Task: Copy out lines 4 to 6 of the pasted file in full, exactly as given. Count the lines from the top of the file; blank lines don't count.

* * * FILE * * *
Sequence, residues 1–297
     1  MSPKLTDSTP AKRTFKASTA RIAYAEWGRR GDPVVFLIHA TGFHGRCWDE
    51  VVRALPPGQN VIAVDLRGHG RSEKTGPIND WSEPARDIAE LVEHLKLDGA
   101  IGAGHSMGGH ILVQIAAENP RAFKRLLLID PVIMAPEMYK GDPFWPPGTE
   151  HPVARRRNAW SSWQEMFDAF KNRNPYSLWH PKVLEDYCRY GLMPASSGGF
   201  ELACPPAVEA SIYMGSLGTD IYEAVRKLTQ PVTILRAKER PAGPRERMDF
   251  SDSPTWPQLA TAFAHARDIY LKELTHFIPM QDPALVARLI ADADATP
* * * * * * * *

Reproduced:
   101  IGAGHSMGGH ILVQIAAENP RAFKRLLLID PVIMAPEMYK GDPFWPPGTE
   151  HPVARRRNAW SSWQEMFDAF KNRNPYSLWH PKVLEDYCRY GLMPASSGGF
   201  ELACPPAVEA SIYMGSLGTD IYEAVRKLTQ PVTILRAKER PAGPRERMDF